UNICEF and other agencies have reported that limited public information about Covid-19 has caused confusion and fear among returnees and the communities they return to across the region. Within certain communities, there are worries that children and families returned from the US and Mexico could be carrying the virus. UNICEF has received reports of communities in Guatemala and Honduras barring physical entry to outside groups or strangers, including returnees, to prevent local transmission of the disease. A centre for returned migrants had to be closed as the local population protested as they feared that they would contract the disease.

The GDP has been unable to determine what if any measures have been taken to protect people in immigration proceedings in Honduras. However, the country has taken some steps in its prisons. On 12 March, when the government announced a state of emergency, all visits to prisons were suspended. In addition, staff and inmates received masks to wear during medical appointments or court hearings. As of mid-May, there had been three confirmed cases of Covid-19 within the country’s prisons and one death related to the disease in the prison of El Pozo. On 19 May, one detainee tested positive in the prison of El Porvenir. Authorities also announced that there would not be any new arrivals until further notice. Subsequently, on 21 May, an investigation revealed a lack of testing and isolation of prisoners who have had contact with sick inmates. 70 inmates shared common areas with the deceased prisoner and yet, very few measures have been taken since. Only 22 tests have reportedly been undertaken in the ‘El Pozo’ and ‘Tamara’ prisons.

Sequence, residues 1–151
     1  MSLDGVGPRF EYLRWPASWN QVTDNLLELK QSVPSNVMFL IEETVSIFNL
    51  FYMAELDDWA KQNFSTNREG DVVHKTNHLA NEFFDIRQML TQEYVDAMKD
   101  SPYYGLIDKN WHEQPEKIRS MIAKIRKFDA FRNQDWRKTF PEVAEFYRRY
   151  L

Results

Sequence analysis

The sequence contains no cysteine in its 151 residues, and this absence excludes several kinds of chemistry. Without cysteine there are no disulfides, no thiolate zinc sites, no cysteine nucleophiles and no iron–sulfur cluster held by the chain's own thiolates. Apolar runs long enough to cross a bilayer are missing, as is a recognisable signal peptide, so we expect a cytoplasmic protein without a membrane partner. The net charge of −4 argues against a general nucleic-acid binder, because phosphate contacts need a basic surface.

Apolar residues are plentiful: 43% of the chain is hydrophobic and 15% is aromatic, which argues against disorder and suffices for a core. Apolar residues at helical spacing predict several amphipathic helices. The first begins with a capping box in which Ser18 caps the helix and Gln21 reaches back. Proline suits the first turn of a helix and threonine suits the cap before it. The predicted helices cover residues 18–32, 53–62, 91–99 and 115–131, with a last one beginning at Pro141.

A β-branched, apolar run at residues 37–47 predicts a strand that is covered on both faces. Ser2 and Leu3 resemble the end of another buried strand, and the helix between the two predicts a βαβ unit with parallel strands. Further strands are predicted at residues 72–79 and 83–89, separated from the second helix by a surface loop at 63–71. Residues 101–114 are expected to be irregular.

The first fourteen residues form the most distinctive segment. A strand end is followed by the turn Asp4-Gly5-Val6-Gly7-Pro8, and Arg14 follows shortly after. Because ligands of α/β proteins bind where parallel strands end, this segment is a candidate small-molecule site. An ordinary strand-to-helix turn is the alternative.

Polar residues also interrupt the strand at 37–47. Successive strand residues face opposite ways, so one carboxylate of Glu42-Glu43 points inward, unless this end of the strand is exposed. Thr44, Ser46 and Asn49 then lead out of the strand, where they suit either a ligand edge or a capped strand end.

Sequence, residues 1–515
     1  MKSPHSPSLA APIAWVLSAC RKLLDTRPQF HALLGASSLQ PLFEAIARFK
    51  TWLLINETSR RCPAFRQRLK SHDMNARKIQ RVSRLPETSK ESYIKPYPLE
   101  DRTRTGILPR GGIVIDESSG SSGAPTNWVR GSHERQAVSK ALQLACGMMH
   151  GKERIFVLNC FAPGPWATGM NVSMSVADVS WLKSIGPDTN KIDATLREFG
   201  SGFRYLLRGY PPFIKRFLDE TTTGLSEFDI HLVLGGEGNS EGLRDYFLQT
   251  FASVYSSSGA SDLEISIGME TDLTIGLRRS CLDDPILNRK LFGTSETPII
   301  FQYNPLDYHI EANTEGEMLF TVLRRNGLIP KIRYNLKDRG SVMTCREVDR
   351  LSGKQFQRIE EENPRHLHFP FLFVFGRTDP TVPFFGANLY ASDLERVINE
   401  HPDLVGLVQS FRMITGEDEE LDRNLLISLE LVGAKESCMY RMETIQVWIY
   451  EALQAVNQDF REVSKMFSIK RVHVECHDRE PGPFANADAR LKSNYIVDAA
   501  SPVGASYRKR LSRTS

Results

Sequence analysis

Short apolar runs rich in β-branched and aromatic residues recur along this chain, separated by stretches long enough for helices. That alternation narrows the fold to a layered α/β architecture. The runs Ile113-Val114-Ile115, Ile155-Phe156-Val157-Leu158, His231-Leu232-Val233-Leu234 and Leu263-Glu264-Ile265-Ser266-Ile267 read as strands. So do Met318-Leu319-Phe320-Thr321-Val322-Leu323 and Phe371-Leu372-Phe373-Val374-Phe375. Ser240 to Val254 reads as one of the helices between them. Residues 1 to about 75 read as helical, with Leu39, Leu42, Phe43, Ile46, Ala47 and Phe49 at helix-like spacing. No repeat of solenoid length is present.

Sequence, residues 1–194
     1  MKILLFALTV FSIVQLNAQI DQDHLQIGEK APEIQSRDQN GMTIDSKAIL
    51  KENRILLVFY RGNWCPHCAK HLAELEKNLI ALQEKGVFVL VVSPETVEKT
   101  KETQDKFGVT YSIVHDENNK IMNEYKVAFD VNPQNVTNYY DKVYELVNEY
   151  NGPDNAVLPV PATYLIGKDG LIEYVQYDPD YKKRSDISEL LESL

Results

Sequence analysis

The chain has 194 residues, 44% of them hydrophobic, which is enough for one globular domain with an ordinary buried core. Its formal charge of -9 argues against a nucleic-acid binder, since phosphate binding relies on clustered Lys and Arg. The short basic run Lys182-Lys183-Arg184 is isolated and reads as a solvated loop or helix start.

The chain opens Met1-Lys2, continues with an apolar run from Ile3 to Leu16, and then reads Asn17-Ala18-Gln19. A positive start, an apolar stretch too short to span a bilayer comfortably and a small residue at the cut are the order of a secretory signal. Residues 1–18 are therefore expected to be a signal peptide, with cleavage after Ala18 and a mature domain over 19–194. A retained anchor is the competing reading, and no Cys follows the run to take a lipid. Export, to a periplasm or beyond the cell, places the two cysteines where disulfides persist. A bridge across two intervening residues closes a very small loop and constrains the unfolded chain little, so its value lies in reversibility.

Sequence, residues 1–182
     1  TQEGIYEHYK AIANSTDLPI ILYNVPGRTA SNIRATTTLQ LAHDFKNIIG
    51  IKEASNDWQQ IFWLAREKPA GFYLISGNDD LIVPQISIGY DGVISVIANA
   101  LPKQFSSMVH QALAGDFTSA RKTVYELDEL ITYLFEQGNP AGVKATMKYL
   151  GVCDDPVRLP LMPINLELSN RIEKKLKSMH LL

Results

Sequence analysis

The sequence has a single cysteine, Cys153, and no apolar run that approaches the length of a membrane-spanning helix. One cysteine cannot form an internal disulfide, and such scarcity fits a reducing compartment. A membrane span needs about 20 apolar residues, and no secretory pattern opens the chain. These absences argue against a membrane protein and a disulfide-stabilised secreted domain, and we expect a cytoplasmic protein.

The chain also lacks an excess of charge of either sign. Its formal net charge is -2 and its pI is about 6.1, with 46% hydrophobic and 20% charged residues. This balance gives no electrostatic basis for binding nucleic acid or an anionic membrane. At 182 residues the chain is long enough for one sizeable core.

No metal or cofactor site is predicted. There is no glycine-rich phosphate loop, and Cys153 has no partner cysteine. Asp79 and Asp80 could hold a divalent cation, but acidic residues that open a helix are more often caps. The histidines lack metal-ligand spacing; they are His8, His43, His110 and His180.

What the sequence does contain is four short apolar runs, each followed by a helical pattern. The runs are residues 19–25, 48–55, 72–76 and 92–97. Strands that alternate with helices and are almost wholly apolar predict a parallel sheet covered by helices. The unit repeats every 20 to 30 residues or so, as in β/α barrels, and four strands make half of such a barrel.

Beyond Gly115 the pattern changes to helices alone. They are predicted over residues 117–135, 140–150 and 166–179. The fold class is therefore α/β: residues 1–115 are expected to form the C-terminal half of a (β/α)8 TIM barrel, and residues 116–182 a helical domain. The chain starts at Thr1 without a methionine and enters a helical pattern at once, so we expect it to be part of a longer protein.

20 March 2020

Families gather outside a Honduran prison (https://radiohrn.hn/suspenden-visitas-en-carceles-de-honduras-para-prevenir-contagio-de-coronavirus/)
Families gather outside a Honduran prison (https://radiohrn.hn/suspenden-visitas-en-carceles-de-honduras-para-prevenir-contagio-de-coronavirus/)

In mid-March, the Honduran government declared a state of “health emergency” and suspended all visits to prisons following reports of two confirmed cases of Covid-19 in the country. In addition, staff and detainees must wear masks in Court. The GDP has been unable to obtain information concerning measures taken within the “Centros de Atención al Migrante Irregular” to avoid the spread of Covid-19. However, the Honduran government has put in place a plan of action in the “Centros de Atención al Migrante Retornado” to avoid contamination as it is estimated that between 250 and 400 Hondurans are returned to the country daily. Honduran authorities have indicated that “special treatment” to all returned persons will be provided and that the protocols established by the WHO are being followed.